General News

Local Horticultural Society celebrates its 50th anniversary

May 8, 2020   ·   0 Comments

By Brian Lockhart

They are dedicated to beautifying the town and the results of their passion and dedication can be seen at 10 different gardens in Orangeville as well as in the many trees they have planted at various locations along Town streets.

The Orangeville & District Horticultural Society is celebrating its 50th anniversary as the current organization although the Society has its roots dating back over 150 years.

The Society was found on April 20, 1970, when a group of 60 people came together, elected a board of directors, and set out to enhance the Town’s appearance.

While the current organization has been planting beautifying for half a century, the original Horticultural Association was established in 1874 with 94 members.

With a slogan of “Make beautiful Orangeville more beautiful,” in May of 1914 the group planted a 160 trees along town streets. Many of those trees are still there and provide a canopy and shade along many of the older streets in town.

Unfortunately the Society was disbanded during the First World War. It was revived for another 15 years after the war years but the Depression again saw membership drop as resident struggled to get through difficult times.

The idea of an Horticultural Society gained interest again and in 1970 the group sought out new members.

Currently there are over 150 members in the local Society who share a love of gardening and maintaining the plant beds around town.

“We have ten garden beds that we look after,” explained Society board member and Archivist, Vivian Petho. “We want to make Orangeville beautiful by planting and maintaining all the beds. Unfortunately right now we can’t maintain any beds while restrictions are in place.”

Ms. Petho and her husband joined the society after moving to Orangeville four years ago.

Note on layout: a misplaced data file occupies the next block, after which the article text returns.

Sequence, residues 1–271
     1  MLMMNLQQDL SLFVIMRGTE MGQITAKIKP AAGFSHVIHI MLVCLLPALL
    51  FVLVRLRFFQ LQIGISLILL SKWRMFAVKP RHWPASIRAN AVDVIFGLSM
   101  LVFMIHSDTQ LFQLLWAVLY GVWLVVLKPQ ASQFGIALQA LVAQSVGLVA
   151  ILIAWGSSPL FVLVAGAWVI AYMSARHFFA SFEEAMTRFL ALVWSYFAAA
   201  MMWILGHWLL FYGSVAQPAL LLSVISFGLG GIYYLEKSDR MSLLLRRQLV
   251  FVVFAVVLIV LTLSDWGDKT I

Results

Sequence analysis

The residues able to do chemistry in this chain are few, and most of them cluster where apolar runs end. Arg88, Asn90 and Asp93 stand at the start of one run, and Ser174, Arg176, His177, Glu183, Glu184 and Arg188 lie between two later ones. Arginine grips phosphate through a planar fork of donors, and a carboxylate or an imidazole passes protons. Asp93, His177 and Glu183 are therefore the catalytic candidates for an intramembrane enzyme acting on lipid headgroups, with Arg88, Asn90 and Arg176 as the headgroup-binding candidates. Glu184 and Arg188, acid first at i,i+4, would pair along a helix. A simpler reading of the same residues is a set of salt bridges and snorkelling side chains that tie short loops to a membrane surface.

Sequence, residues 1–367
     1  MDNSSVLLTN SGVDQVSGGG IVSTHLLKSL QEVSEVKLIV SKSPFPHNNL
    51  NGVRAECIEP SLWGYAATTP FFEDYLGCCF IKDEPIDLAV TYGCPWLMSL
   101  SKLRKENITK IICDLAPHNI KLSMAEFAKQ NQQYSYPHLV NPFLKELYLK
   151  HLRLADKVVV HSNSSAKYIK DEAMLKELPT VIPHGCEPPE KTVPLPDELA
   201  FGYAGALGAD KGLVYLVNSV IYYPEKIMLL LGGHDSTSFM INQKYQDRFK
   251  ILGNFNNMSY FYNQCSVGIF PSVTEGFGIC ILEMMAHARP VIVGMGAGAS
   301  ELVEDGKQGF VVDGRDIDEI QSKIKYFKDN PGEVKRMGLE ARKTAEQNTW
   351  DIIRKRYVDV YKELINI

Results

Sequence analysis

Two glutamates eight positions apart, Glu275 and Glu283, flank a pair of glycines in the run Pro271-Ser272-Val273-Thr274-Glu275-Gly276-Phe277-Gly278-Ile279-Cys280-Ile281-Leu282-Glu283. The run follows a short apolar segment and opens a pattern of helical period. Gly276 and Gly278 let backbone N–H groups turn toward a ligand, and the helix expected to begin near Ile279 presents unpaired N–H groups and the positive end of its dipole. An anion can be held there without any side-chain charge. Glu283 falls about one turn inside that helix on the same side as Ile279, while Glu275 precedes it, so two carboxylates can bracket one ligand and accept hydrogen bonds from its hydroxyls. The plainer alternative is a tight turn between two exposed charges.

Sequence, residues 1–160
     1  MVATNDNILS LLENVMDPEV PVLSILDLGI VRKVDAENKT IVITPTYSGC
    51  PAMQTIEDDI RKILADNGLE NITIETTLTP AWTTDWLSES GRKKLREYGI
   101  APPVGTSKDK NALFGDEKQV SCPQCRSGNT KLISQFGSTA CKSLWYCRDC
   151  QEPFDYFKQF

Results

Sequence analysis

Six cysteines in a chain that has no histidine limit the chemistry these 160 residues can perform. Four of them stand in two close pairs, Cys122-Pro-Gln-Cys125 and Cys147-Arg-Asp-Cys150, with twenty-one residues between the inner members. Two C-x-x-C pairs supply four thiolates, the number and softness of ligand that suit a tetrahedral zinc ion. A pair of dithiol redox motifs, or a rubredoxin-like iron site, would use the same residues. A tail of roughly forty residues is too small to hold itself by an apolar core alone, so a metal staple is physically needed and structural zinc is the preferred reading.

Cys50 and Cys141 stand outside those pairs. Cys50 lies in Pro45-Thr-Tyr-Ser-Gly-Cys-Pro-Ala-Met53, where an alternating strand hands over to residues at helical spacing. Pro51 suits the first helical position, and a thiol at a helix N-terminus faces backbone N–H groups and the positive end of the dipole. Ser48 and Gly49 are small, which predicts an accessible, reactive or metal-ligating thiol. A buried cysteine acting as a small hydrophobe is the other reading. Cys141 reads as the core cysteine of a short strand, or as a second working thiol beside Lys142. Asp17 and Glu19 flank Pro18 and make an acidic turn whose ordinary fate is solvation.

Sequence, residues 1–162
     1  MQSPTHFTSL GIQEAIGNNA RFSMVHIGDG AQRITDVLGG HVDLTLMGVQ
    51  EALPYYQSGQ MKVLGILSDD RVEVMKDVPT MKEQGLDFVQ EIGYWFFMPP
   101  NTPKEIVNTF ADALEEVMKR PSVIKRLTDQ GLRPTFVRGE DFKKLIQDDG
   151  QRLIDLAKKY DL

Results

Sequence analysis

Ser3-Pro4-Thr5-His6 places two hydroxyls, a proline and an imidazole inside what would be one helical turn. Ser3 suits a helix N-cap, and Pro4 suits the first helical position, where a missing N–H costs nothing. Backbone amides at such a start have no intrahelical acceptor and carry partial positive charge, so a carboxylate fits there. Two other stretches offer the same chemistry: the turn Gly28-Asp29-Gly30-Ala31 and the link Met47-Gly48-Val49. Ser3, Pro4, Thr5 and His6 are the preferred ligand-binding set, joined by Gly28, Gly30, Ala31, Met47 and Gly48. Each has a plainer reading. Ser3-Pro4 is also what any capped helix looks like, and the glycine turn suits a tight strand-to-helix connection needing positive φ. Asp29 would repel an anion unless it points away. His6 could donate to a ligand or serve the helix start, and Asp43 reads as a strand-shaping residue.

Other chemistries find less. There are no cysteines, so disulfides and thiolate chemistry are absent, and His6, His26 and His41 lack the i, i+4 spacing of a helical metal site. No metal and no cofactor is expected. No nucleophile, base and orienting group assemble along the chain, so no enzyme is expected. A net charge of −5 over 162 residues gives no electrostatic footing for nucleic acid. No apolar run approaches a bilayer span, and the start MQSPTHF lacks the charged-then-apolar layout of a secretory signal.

“It’s been fun,” Ms. Petho said. “We joined because we wanted to know more about gardening and it’s also great being a part of the community.”

Many people look forward to the Society’s annual garden show and sale.

“The Horticultural Society has always been the unsung hero of Orangeville,” said Wayne Townsend, former curator at the Museum of Dufferin. “There isn’t a garden in Orangeville of note that hasn’t bought a plant from the Horticultural Society. People will often show me a favourite plan in the garden, and I’ll say, ‘where did you get it?” And they say ‘at the Horticultural Plant Sale.”

The Society maintains gardens at Greenwood Cemetery, Alexandra Park, Orangeville District High School, Orangeville Senior’s Centre, Kay Cee Gardens, the Orangeville Police station, the Fire Hall, Centre Street Community Garden, and the Alder Street Recreation Centre.

“Our Horticultural Society has changed over the years but our impact on the community is unfaltering,” Ms. Petho said. “We strive to beautify the Town of Orangeville and its surroundings. The Orangeville & District Horticultural Society has been an integral part of Orangeville for a very long time.”

Once the current restrictions are lifted, expect to see Society members at their gardens cleaning up the winter debris and planting new flowers to brighten up the Town.



         

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